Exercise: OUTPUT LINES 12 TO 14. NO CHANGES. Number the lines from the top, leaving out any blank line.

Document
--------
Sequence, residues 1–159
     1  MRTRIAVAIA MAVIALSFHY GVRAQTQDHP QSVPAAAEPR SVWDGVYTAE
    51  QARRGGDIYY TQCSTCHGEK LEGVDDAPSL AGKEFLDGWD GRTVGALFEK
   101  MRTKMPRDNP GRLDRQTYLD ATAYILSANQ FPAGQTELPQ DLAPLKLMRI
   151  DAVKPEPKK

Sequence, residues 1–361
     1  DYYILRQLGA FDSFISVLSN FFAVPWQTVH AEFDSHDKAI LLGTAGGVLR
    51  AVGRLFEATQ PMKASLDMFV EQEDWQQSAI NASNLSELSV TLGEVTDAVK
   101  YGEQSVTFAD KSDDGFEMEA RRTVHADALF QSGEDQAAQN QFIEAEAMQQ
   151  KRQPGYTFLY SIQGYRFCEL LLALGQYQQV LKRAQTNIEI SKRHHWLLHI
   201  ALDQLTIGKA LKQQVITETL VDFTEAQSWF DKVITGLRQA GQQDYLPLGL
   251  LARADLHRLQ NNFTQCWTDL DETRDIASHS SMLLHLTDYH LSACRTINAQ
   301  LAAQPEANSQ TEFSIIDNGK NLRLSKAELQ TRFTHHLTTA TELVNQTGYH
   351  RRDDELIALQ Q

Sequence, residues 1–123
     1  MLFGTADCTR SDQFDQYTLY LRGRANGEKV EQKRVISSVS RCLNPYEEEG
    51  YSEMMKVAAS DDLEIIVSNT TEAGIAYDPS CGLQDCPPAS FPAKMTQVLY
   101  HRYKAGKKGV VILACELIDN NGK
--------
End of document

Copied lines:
   251  LARADLHRLQ NNFTQCWTDL DETRDIASHS SMLLHLTDYH LSACRTINAQ
   301  LAAQPEANSQ TEFSIIDNGK NLRLSKAELQ TRFTHHLTTA TELVNQTGYH
   351  RRDDELIALQ Q